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out of Europe that indicate that raw milk does have healing benefits, and helps reduce incidence of allergies and asthma in children. They say those studies really aren’t valid, that they have this weakness or that weakness. ACRES U.S.A. Would a wider understanding of the health benefits of raw milk as well as other direct-from-the-farm foods come in handy as a political wedge against the FDA’s draconian policy? GUMPERT. Oh, absolutely. I’m convinced that education is key to all this. People need to know more about what we do know and what we are learning. The bigger picture is emerging about the importance of something called a microbiome, the enzymes and the bacteria that help not only digest our food but also help strengthen our immune systems. There’s a huge amount of research going on worldwide about the microbiome and the idea that it’s more important than we’ve appreciated or realized. What it suggests is that people, by virtue of the fact that they can build up their immune systems, and that their immune systems are a function of their microbiome, can reduce their vulnerability to pathogens. That suggests that the relationship between the healthfulness of food and our immune systems and our ability to resist pathogens is a subversive idea to the FDA, because they focus all their attention on pathogens. That’s what food safety is to them. As not only scientists but consumers learn more about the benefits and dangers of foods, they’re learning that pathogens aren’t the only determinant of safety. ACRES U.S.A. It’s also a topic where political divisions can turn out not to apply. Have you come across instances of conservatives finding common cause with liberal foodies — the labels are unfortunately broad — around the idea of food civil rights? GUMPERT. I wish I could answer yes. That’s one of the big frustrations of this whole arena. Liberals tend to be trusting of government, and I think as a result they tend to be skeptical of people who raise the food civil rights issue. In my experience the liberals don’t express it openly. They more or less ignore the outrages,

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the abuses of farmers like Vernon Hershberger. I have to assume they take the attitude that if government regulators are going after them, there must be a reason. I’m in touch with other food bloggers, and many of them are of a liberal bent, and they have a huge amount of confidence in those agencies because those are the “scientists.” They’re the possessors of important knowledge. If they say that pathogens are the primary threat to food safety, then that must be the case, even though those people are themselves seeking food from outside the industrial system because they don’t want antibiotic residue, hormones and excessive processing. I hope that when people read my book, and see what I think are blatant examples of legal abuse, and see the resources that are devoted to going after small farmers who make food available on a private basis, they will become concerned. ACRES U.S.A. Do you believe that the semantics can help break through the barriers, linking the idea of food with the term “civil rights?” GUMPERT. I hope it will. I found when individual liberals see the hundreds of thousands if not millions of dollars devoted to prosecuting Vernon Hershberger, a God-fearing father of 10 children faced by four lawyers paid by the state, or see state, federal and county agencies going after a food club in California with guns drawn, they know there’s something wrong. ACRES U.S.A. In your discussions do you have any luck making the distinction that state food regulators who are heavily pressured by the food industry are not the same regulators who you may like, such as CDC personnel who swing into action to fight an epidemic? There’s good regulation and bad regulation. There’s appropriate state power and inappropriate state power. GUMPERT. I’ve had some success with a few individuals, but I think it is actually a larger psychological/emotional problem for people. Once you acknowledge the fact that a segment of regulators really don’t have your interests at heart but are serving either corporate interests or some power agenda of their own, that suggests corruption. And once you see places like the CDC or the FDA as at least partially corrupt, that’s a big change to the worldview of a lot of people. It’s a big change to their view of what their government is all about, what health care providers are about, and what public health people are about. I see it in my own family. There’s just a lot of resistance to acknowledging that this kind of stuff goes on. It’s disruptive to a whole image of the order of things. ACRES U.S.A. Do you think the welldocumented efforts of the Koch Brothers and others to fund and control conservative, anti-government politics have tainted the overall critique of government? GUMPERT. It has, there’s no question. ACRES U.S.A. Untangling the fear and confusion in these issues presents a daunting challenge. GUMPERT. There’s a lot of fear out there because of the aggressive enforcement efforts against farmers and food clubs. But there are some encouraging things happening as well. As one example, we have seen the launching of a Food Sovereignty effort whereby local towns pass ordinances allowing private sales of food by farmers and other food producers directly to individuals. This effort began in Maine, and has attracted 10 towns there to pass ordinances. Other towns scattered around the country have similarly passed such ordinances, all the way out to Santa Cruz, California. ACRES U.S.A. Forecasting is ill-advised at all times, but could you attempt a bit of it anyway? GUMPERT. Things are changing and things are going to change. I’m convinced of it. The whole movement for labeling of GMOs has really caught fire. Maybe the bigger issue is what happens when lots of people start to question the integrity of the food system. That’s a politically explosive issue. When you look back in history, the big issue until 50 years ago was making sure we had enough food. The biggest threat politically was the prospect of people not having enough food. You have too many people going around with an empty stomach — that’s trouble, riots and revolution. That was the French Revolution. The politicians have always been very sensitive to making sure people have enough to eat. We seem to have solved that problem in the United States, and now we’re worrying about it from a different point of view. Now we have enough to eat but people are fearful about the integrity of the food. When people start questioning that, it can throw things way out of whack. People look around and see that one out of eight children has autism, and one out of nine or one out of 10 has asthma, and one out of eight has allergies. They look around, they see all these conditions springing up, and they’re starting to put two and two together. It’s potentially an explosive situation if lots of people don’t trust the food system, and I think that could be the issue we face looking down the road. I’m surprised the regulators and policymakers aren’t more sensitive to that, rather than trying to force-feed us. In California all the corporations got together and organized to defeat Proposition 37 for labeling GMOs. Really what they were doing was organizing against the wishes of their own customers. I expect we’ll see growing resistance, as more and more people begin to understand the craziness, and the viciousness, of what’s going on here. The Wisconsin jurors were so irritated with the prosecution that a number of them said after the trial they wanted to join Hershberger’s food club. Historically, messing with people’s food hasn’t served governments well.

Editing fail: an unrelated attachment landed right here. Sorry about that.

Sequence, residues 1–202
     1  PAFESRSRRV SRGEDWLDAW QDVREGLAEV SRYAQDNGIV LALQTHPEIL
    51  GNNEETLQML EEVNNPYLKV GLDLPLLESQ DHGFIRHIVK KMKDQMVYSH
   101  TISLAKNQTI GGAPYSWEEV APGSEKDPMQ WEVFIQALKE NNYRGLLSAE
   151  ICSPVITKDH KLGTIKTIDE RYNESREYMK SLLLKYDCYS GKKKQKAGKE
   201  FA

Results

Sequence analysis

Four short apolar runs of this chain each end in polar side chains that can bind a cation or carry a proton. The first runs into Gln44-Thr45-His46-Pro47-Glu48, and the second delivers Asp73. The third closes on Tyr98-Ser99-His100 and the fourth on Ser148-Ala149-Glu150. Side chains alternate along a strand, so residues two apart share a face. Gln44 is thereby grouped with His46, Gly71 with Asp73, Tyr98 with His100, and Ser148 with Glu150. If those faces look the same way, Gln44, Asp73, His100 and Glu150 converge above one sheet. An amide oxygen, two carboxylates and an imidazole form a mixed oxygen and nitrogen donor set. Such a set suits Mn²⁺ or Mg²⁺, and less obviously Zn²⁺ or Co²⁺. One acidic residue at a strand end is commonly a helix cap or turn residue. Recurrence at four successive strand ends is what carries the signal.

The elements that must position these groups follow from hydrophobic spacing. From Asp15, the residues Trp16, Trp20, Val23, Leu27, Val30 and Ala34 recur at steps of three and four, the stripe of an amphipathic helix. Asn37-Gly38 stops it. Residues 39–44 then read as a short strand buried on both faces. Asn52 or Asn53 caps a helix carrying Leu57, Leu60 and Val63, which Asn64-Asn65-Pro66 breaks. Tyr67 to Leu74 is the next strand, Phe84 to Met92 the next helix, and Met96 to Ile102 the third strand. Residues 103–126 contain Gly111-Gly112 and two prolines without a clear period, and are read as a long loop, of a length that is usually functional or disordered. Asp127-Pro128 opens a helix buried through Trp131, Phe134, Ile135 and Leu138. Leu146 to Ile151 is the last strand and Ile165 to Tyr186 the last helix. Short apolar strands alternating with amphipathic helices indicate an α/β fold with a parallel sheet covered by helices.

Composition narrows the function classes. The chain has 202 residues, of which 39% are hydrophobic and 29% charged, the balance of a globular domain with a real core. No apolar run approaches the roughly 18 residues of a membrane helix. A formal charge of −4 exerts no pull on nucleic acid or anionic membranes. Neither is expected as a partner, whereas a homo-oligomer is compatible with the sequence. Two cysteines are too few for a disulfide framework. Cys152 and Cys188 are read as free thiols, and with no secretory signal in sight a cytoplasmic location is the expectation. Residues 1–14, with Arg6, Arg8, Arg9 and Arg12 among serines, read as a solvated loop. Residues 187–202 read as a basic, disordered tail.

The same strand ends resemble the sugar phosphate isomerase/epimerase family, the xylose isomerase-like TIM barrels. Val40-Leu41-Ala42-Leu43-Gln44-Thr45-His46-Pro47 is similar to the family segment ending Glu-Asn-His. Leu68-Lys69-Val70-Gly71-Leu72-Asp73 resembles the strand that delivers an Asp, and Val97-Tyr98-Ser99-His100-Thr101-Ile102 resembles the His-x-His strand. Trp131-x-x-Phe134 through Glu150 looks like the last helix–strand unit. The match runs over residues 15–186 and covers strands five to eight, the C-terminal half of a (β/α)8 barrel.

David Gumpert’s books are available through Acres U.S.A. For more information, see page 82.